by some of the biggest figures in Czech art such as Jan Zrzavý and Josef Váchal (1884-1969).
Graphic designer Max Švábinský (1873-1962) created the School of Graphic Arts, the first
professor of a special graphic arts section at the Academy in Prague; Significant figures of
Czech cubism included Emil Filla, Bohumil Kubišta, Antonín Procházka , Josef Čapek (1887-
1945) and Otto Gutfreund (1889-1927). Abstract painting in this period was led by Vojtěch
Preissig (1873-1944) and František Foltýn (1891-1976) and the group most assocaiated with
Surrealism was the Ra Group led by Jindřich Štyrský (1899-1942) and Toyen (1902-1980). The
post war years gave birth to a generation influenced by the Avant-garde. Three distinct groups
formed during this period, Skupina 42, Skupina Ra and Sedm v říjnu (Seven in October), which
included internationally renowned artists such as Václav Hejna, Josef Liesler and František
Jirousek. Two contemporary artists who continue in the spirit of Postmodernism include David
Černý (1967) and Jaroslav Rona (1957).
Early 20th century France saw experimentation which would greatly impact on the world arts
scene. The Impressionists and Post-Impressionists had unleashed a plethora of
experimentation and restlessness throughout the French arts scene. Fauvism, headed by Henri
Matisse was a short lived development of the Impressionist movement which favoured the
painterly qualities rather than the representative values of a painting. Meanwhile there were new
influences entering the arts scene from closer contact with the Far East and Africa,
demonstrated in work such as Pablo Picasso’s Demoiselles d'Avignon of 1907. The first strong
movement to arise from such experimentation was Cubism pioneered by Pablo Picasso and
Georges Braque, a style which remained highly influential early in the century in France.
Cubism taught the deconstruction, analysis and reconstruction of objects as well as exploring
an object from many perspectives. During the war years it was Dadaism that was wildly
embraced by artists already captivated with the works of Sigmund Freud. Conceptual
experimentation turned to an exploration of the subconscious and the mind, as well as the
physical exploration of new techniques such as collage and decalcomania. Dreamscapes were
produced as Surrealism swept across the French arts scene. Experimentation continued in
France after the war and areas such as Tachism, Fluxus and New Realism were investigated,
but the dominance of France on the world art scene diminished as The United States in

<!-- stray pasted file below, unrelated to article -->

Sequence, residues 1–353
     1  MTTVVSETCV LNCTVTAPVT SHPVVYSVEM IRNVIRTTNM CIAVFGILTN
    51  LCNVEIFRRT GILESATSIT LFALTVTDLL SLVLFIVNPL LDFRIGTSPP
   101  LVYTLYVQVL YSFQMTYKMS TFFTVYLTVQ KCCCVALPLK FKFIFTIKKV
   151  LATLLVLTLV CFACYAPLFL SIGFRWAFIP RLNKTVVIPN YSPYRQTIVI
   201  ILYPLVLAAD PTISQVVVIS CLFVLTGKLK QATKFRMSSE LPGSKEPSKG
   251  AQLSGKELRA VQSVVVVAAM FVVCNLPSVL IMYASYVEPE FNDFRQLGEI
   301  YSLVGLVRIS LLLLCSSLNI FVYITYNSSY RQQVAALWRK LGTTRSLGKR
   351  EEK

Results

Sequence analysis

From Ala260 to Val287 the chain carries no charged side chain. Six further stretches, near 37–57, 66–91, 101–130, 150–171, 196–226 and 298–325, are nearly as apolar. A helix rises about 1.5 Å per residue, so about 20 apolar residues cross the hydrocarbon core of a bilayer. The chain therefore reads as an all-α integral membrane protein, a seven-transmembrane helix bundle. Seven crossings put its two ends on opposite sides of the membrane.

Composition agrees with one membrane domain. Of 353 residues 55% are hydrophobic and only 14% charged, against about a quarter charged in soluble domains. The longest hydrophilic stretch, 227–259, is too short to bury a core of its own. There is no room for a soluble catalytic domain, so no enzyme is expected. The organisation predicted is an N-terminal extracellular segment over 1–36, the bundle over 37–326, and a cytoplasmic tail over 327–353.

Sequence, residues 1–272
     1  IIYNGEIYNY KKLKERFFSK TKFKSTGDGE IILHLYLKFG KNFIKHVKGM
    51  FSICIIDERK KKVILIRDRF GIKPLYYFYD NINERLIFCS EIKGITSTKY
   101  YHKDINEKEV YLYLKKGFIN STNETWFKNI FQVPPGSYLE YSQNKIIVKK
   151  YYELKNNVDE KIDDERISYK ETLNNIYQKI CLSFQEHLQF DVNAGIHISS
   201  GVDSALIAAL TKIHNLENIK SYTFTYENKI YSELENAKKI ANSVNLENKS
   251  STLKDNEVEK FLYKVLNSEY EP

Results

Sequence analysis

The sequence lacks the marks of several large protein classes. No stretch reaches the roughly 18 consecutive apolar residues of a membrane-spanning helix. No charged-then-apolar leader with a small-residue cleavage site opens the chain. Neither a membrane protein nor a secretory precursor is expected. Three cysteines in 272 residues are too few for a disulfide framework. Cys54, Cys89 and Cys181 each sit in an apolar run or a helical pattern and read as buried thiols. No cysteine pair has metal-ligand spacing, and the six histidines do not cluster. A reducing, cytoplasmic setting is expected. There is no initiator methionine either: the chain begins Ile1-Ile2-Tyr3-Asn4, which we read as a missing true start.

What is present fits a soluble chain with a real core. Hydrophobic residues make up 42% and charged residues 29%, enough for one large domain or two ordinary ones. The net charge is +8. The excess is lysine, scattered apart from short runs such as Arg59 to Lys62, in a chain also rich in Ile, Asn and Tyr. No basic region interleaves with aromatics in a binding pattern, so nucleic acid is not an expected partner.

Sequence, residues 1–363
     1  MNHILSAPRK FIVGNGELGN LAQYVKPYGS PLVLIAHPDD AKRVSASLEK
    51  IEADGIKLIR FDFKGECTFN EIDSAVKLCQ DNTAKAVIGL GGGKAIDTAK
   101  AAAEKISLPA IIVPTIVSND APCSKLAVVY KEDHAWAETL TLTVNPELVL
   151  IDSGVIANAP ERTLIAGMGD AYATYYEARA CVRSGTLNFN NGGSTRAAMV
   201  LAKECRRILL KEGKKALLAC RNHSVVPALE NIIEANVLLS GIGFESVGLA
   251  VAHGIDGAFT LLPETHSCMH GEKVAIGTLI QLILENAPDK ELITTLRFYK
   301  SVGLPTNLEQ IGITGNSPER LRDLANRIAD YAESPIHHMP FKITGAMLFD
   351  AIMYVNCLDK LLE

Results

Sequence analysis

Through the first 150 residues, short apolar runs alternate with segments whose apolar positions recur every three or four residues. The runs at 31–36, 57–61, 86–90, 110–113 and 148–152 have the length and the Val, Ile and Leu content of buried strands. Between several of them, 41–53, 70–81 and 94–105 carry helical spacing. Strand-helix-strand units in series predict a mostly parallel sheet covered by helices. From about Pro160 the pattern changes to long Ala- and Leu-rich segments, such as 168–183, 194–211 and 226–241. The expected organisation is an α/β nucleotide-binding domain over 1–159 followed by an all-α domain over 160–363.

particular began to take a more pivotal role.
Henri Matisse
Blue nude
The scope of German art in the 20th century is marked by the development of artist
associations like the Brücke (1905), the Deutscher Werkbund (1907) and the Blaue Reiter
(1911). These associations gathered different kinds of artists, architects, musicians, painters,
craftsmen.. The Neue Sachlichkeit (1925) and the Bauhaus (1926) are further vanguard art
movements that still have influence on arts, architecture and painting, despite being suppressed
and forbidden during the Nazi-regime in Germany and branded as “abnormal” art.
Jorg Immendorff (1945-2007 A.D.) is one of Germany’s best-known 20th century painters
among Gerhard Richter, Sigmar Polke and Anselm Kiefer. His most important work is both
political and historical in subject and holds elements of Abstract Expressionism, Surrealism and
Dadaism. His style of Abstract Expressionism is not unusual for the period in Germany and was
clearly influenced by the earlier work of Markus Lupertz and Georg Baselitz. His historical
paintings show influence from Anselm Kiefer. From early in his work Immendorff had political
and neo-Dadaistic tendencies, which helped lead to an exclusion from the Art Academy
Dusseldorf in 1969.
The political tendencies of his work increased throughout the 1970’s and he stayed close to
politicians such as Gerhard Schroder of whom he painted a large portrait. It is the prediction of
the reunification of East and West Germany in his series entitled Cafe Deutschland produced
throughout the 1970’s and 80’s, which makes his work important as representative of Germany
during this period. It is Immendorff’s portrayal of the reunification of Germany, one of the most
important parts of late century German history, which make his work distinctively important.
By the 20th century Greek artists felt the influence of the Impressionists, and attention turned
from the Munich schools to those of Paris. Greek landscapes became the main focus of study,
with a particular emphasis on the light and colours of Greece. Significant representatives of this
period are Konstantinos Parthenis, Konstantinos Maleas, Nikiphoros Lytras and Georgios
The period of the 1930’s saw an attempt by Greek painters to associate European trends to
Greek culture and tradition. This can be seen in the work of Yiannis Tsarouchis, Yiannis
Moralis, Nikos Hadjikyriakos-Ghikas, Spyros Vassileiou, Alekos Kontopoulos.
Spyros Papaloukas and Alekos Kontopoulos in particular, are credited with introducing the
abstract into Greek works. The second half of the century produced numerous Greek artists of
international acclaim including Constantine Andreou, the sculptor Thodoros Papadimitriou, the
founder of Metaphysical art, Giorgio de Chirico, a pioneer of the Arte Povera movement Jannis